40 Amazing Online Photography Magazines Advertisement Whatever country we live in, we’re probably all familiar with the well-known photography magazines available in our newsagents and bookstores. The UK has Practical Photography, France has Photo, the Italians have Zoom and the Americans have American Photo. What you may not know is that there are many more photography magazines that are only available online. And some of them are good, very good.
OUR NOT SO DEFINED IDENTITIES. Pinhole on 120mm color film. Hand printed. - Stella Asia Consonni Photography OUR NOT SO DEFINED IDENTITIES. Pinhole on 120mm color film. Hand printed. Exploring the progressive loss of real self-identity caused by the creation of web alter ego. The physicality of the images is to express the psychical connotations of the subjects. Index Gallery STEVENSON is a contemporary art gallery with spaces in Cape Town and Johannesburg, and is jointly owned by its directors. The gallery opened as Michael Stevenson in Cape Town in 2003, and subsequently partnered with David Brodie in Johannesburg in 2008. That same year the Cape Town gallery moved into its current premises in Woodstock, and in November 2010 the Johannesburg space relocated to Juta Street, Braamfontein.
Fantastic photomontage and its possible influences, 1857 - 2007 : a timeline ... interior frame Edgar Allen Poe 1850/6: The Works of Poe The Works of the Late Edgar Allan Poe were published in the U.S. (1850 & 1856), although sadly edited by someone who sometimes freely rewrote and recombined the stories. Poe (1809-1849) had been known in his own lifetime — but only as a critic, not as a writer of fiction. Poe's works, along with de Sade and the recovery of European folk/fairy tales, became the seeds of a sophisticated gothic imagination (there had been an unsophisticated pre-1848 literature of 'Penny Dreadfuls' and a brief British craze for horror stage shows) — which can be seen running through Stevenson's Hyde (1886), the 'L'Esprit Decadent' novels of the 1880s, James' The Turn of the Screw (1898), Ernst's collage novels, Lovecraft, Mervyn Peake, Borges, Ray Bradbury, Angela Carter, to Jan Svankmajer and beyond. ← return to index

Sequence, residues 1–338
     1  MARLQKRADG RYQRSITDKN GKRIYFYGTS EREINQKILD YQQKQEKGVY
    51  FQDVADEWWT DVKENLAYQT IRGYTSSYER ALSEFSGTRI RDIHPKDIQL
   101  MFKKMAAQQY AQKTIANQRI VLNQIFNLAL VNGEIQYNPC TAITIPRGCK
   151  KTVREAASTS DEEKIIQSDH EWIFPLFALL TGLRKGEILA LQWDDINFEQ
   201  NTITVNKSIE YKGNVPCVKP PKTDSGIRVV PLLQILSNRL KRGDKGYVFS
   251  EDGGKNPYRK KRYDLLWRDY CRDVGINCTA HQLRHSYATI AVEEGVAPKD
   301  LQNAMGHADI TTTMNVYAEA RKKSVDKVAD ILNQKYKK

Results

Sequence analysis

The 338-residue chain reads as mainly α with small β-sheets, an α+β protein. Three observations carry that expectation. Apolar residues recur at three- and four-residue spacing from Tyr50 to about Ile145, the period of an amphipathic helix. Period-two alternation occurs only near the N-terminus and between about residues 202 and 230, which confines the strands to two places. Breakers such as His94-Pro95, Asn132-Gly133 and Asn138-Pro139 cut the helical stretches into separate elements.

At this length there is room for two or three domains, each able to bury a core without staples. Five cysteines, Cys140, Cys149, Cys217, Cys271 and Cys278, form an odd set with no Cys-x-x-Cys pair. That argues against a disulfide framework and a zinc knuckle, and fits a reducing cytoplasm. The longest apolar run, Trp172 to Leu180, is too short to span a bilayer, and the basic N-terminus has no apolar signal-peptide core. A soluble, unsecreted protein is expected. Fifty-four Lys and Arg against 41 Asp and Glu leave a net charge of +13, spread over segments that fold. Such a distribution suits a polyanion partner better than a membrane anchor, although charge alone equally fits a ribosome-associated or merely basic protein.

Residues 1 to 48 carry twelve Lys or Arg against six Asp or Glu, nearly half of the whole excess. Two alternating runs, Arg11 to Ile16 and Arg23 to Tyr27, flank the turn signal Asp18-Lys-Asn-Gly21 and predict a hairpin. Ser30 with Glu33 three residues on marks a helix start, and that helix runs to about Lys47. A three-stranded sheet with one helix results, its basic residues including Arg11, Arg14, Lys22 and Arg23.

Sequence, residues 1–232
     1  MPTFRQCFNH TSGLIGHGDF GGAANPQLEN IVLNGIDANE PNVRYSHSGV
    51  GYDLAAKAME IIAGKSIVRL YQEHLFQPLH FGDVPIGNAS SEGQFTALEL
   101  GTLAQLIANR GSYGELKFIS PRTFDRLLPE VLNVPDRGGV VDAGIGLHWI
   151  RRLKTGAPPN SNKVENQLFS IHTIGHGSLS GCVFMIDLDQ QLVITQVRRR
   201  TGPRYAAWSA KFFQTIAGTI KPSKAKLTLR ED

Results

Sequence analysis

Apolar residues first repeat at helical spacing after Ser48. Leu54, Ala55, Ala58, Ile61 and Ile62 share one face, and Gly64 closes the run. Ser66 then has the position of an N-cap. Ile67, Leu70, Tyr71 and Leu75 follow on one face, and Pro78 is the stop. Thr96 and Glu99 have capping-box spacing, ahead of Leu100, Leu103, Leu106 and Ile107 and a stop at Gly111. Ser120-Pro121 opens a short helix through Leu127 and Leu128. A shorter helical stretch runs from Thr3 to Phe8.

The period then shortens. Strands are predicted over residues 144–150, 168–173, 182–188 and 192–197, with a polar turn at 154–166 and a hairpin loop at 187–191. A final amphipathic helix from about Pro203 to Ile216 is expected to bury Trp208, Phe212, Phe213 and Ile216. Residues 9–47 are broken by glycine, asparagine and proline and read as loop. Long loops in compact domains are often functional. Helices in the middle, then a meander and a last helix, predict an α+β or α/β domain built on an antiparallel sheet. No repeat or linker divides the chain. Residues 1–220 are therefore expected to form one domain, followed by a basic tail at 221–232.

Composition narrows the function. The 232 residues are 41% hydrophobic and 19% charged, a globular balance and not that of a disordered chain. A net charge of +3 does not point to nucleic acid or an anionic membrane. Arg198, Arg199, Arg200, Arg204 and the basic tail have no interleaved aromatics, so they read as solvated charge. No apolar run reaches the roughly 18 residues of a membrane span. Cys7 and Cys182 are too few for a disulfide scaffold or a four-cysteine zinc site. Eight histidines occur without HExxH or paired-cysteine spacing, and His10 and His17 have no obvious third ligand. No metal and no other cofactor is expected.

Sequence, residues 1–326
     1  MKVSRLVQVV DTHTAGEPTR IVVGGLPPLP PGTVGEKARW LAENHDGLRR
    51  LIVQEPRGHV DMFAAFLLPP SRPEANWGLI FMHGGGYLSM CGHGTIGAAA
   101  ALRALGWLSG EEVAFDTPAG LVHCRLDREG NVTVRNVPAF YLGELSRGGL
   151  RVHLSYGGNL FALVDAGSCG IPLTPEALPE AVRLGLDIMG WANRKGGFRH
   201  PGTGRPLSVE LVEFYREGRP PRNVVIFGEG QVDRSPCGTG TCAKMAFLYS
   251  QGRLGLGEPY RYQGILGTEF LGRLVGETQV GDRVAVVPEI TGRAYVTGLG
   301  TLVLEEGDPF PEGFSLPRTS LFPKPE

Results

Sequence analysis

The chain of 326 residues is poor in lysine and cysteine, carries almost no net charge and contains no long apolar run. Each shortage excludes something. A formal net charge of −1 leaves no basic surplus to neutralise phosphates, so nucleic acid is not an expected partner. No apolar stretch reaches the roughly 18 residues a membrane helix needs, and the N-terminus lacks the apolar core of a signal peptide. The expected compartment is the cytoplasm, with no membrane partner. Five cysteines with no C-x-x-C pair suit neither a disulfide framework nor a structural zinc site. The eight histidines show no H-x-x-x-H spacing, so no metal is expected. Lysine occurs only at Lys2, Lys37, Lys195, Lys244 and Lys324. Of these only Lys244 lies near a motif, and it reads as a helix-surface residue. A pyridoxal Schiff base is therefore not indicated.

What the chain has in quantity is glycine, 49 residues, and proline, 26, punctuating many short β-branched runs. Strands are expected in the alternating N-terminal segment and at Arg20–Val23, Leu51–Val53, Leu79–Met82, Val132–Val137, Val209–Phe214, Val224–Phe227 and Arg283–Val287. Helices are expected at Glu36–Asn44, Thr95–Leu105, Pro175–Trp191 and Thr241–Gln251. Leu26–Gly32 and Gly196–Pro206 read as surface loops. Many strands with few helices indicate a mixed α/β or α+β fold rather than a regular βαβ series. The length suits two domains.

Early Photography: Niépce, Talbot and Muybridge By modern standards, nineteenth-century photography can appear rather primitive. While the stark black and white landscapes and unsmiling people have their own austere beauty, these images also challenge our notions of what defines a work of art. Photography is a controversial fine art medium, simply because it is difficult to classify—is it an art or a science? Nineteenth century photographers struggled with this distinction, trying to reconcile aesthetics with improvements in technology. LensCulture Portrait Awards 2015 INTERNATIONAL FESTIVAL PROJECTIONS • INDUSTRY INSIDER EXPOSURE • $22,000 in Awards 8 days, 20:29:03 hours remaining Seeking the New Photographic Portrait The LensCulture Portrait Awards is the 2nd annual call for international portrait photography. The importance of portraiture is present in cultures across the world, illustrating the power and endurance of human connection.
Detroit - Bruce Gilden Background My work on foreclosed homes in Detroit has actually been a continuation of a project that started in Fort Myers, Florida in September 2008. For me the major concentration of the work is on the houses or what’s left of the houses. I chose to photograph them mostly straight on like my street work in a very blunt fashion. To let the houses speak for themselves. After going to Florida and continuing in Detroit I realized that foreclosure is one part of a circle.
Happiness Researcher Shawn Achor Shawn Achor is the winner of over a dozen distinguished teaching awards at Harvard University, where he delivered lectures on positive psychology in the most popular class at Harvard. Shawn has become one of the world’s leading experts on the connection between happiness and success. His research on happiness made the cover of Harvard Business Review, his TED talk is one of the most popular all time with over 4 million views, and his lecture airing on PBS has been seen by millions. Shawn teaches for the Advanced Management Program at Wharton Business School, and collaborates on research with Yale and Columbia University.
Photographs Do Not Bend: contemporary photographers Archives Research: Sam Taylor Wood, Still Life (video stills), 2001 In the arts, vanitas is a type of symbolic work of art especially associated with Northern European still life in Flanders and the Netherlands in the 16th and 17th centuries though also common in other places and periods. The word is Latin, meaning "emptiness" and loosely translated corresponds to the meaninglessness of earthly life and the transient nature of Vanity.